Hi, my devoted fans! The season is over, and I think you’d be interested to know how my life goes after switching to another coach.
First of all I’d like to say that I’m happy that the season ended the way it did. Because even I couldn’t have imagined that I would place 4th at Worlds – and not simply 4th, but almost 3rd! Then, I’d like to thank all the fans who were supporting me during the competitions, because it was you who encouragd and heartened me on the both days. I had never thought that it could actually be so easy to perform on the home ice. And finally, I can’t wait to tell you about my first practices under the guidance of Nikolai Morozov.
I came to Moscow the next day after the gala in St. Petersburg. Immediately on arriving I smoothly passed a medical examination (only, I spent about ten minutes looking for the station I needed on the metro map :) ), then paid a visit to the office of the Vorobyevy Gory sports club where I was to sign a pile of papers and fill in a couple of applications (including the US visa application form), and finally went to a friend of mine to stay at her place for a while. I had arranged with Nikolai Alexandrovich Morozov that I would move to Novogorsk a day later.
I met with him in the training center’s dining room, settled all the queries and appointed the time of my practice. I was happy to learn that I could start practicing as soon as three hours later. Of course, I came 45 minutes earlier, limbered up thoroughly and began to lace up my skates. When the last bow was tied I decided to waste no time and came to the ice. The ice at the new sports center is wonderful, just like the one we skated on during the Worlds at the Khodynka (Megasport). The ice there was made by the same technology that is used in Novogorsk. The sports center is very well equipped for the traing for Olympics. There are two skating rinks, a huge gym hall, a lot of cosy locker rooms... In a word, everything is top grade.
Meanwhile, Nikolai Aleksandrovich came to the ice holding a laptop under his arm, attached it to a loud speaker and turned on some music. Then he asked me what kind of music I like the best. Of course, I told him I like upbeat tunes. ‘You’ve already skated by such music quite a lot, so I’d like you to try another, more lyrical style’, he said, and I agreed with him at once. Then Nikolai Aleksandrovich turned on some ordinary music and started showing me some seemingly simple steps. I began to copy them and got so enthusiastic about it that very nearly tumbled. As it turned out later, there was no need to be overzealous. If you don’t try too hard, everything happenes of itsef. But I, as usual, started making every effort, straining myself and tensing my muscles. As a result, the day after that one-hour practice spent doing different steps and transitions I was aching all over. But the pain was so pleasant that I even didn’t get upset in the least: well, I told myself, sometimes it happens. On the whole, the first practice with Morozov made a very vivid impression on me. Hope, my coach wasn’t too much disappointed, too )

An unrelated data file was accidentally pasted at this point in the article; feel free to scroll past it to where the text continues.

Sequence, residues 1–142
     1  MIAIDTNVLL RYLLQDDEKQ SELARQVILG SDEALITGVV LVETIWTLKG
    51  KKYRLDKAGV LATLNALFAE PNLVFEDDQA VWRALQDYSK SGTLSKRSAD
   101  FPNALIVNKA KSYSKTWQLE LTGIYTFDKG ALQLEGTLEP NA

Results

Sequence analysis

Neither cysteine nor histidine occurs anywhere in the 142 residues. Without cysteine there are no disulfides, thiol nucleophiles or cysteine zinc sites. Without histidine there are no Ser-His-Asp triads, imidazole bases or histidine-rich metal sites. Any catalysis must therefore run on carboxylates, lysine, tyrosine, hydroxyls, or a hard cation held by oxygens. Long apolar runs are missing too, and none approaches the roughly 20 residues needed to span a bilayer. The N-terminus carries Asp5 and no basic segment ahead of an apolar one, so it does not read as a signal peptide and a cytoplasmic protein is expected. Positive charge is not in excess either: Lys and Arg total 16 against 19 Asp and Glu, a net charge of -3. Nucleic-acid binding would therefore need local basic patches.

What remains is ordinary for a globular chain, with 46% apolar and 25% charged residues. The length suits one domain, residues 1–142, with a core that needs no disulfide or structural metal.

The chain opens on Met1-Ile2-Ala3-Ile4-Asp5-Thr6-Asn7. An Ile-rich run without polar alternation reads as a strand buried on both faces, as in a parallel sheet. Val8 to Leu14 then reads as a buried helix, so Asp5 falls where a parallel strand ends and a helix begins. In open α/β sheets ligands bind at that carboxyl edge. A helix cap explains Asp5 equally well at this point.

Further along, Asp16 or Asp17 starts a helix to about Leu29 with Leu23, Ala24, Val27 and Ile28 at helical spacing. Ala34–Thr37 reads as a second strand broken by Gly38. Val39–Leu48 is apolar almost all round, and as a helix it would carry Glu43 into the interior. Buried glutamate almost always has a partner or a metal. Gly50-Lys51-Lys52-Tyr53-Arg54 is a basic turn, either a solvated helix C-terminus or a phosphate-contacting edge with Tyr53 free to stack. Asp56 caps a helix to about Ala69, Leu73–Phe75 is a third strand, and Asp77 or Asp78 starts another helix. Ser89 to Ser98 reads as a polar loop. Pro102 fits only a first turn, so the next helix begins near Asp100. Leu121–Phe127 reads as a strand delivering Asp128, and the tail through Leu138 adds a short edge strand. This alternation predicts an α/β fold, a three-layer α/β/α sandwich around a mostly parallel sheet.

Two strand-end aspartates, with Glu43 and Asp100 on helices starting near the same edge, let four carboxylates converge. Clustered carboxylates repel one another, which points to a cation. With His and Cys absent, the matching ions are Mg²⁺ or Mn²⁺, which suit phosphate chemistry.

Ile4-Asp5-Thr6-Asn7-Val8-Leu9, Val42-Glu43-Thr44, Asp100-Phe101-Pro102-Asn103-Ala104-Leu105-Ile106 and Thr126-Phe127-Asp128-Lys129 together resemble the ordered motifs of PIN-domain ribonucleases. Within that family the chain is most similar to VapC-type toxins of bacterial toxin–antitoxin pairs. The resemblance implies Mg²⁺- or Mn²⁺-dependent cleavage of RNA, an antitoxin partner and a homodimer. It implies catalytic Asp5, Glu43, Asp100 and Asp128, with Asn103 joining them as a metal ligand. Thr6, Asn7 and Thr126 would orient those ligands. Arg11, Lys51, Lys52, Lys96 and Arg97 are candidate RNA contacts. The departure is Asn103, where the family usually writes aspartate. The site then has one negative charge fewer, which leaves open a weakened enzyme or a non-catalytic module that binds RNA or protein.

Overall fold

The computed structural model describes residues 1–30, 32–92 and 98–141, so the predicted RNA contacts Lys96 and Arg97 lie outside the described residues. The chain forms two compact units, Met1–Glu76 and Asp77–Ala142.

Photo by Vladimir Pesnya
Next day we also had a steps-and-sliding practice. This time it turned out that even when I was just trying to gather speed I was doing it in a wrong way. So, I was taught to do it, too. The whole practice was dedicated to improving my skating skills. Besides me, there was Sergey Voronov on the ice. That day’s second practice was the one I’d been looking forward to, because we were to begin choreographing a new program, i.e. my new exhibition number. Since it could be seen at my official YouTube channel, I will tell you how the program was created. Nikolai Aleksandrovich picked out the tune very quickly, having listened to just two or three tracks. To tell the truth, I was stunned to see how devotedly he puts his heart to his work, right from the starting position on! It’s not a common thing even for athletes to go all out like that in competitions! I wonder where he finds enough strength to work this way with all his skaters, assuming that he spends whole days on ice. And sometimes he works all night through!
The latter is worth being enlightened in more detail. One day my coach called me on the phone and said: ‘Alena, I’ll be busy today, so take a rest now and come to skate at night. We’ll finish choreographing the program, because tomorrow I’ll leave for America’. I was so surprised that I was momentarily unable to speak and thought that I’d misheard him. Then I said: ‘But you’ve let me go to a concert with my friend tonight, haven’t you?’ ‘It’s OK’, the answer was, ‘You’ll return from the concert and come to the practice with positive emotions’. At that moment I could only think: ‘I just hope I won’t have to jump...’
By the way, the concert we went to that night was Neschastniy Sluchay’s (which translates as Accident) show. I liked the band very much. They are jolly jockers, but their lyrics are great, too. The show ended at about one o’clock in the night, and we were driven to Novogorsk by Artem, whom I’ve already mentioned once in the previous blog entry (he is a reporter with Championat.ru). You might not believe me, but we somehow managed to get stuck in a traffic jam at 2 a.m. As a result, we got to Novogorsk at about three o’clock.